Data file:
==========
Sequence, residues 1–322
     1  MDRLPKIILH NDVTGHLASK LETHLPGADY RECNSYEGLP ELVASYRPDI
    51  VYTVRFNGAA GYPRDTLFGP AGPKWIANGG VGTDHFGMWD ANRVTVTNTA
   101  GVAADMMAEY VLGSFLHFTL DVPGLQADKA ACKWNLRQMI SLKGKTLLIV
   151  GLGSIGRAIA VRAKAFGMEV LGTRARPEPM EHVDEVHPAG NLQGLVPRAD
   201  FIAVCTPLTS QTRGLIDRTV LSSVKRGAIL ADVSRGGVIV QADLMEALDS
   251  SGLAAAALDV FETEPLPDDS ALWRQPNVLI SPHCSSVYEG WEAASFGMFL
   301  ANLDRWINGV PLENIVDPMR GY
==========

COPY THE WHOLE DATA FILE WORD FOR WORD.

Sequence, residues 1–322
     1  MDRLPKIILH NDVTGHLASK LETHLPGADY RECNSYEGLP ELVASYRPDI
    51  VYTVRFNGAA GYPRDTLFGP AGPKWIANGG VGTDHFGMWD ANRVTVTNTA
   101  GVAADMMAEY VLGSFLHFTL DVPGLQADKA ACKWNLRQMI SLKGKTLLIV
   151  GLGSIGRAIA VRAKAFGMEV LGTRARPEPM EHVDEVHPAG NLQGLVPRAD
   201  FIAVCTPLTS QTRGLIDRTV LSSVKRGAIL ADVSRGGVIV QADLMEALDS
   251  SGLAAAALDV FETEPLPDDS ALWRQPNVLI SPHCSSVYEG WEAASFGMFL
   301  ANLDRWINGV PLENIVDPMR GY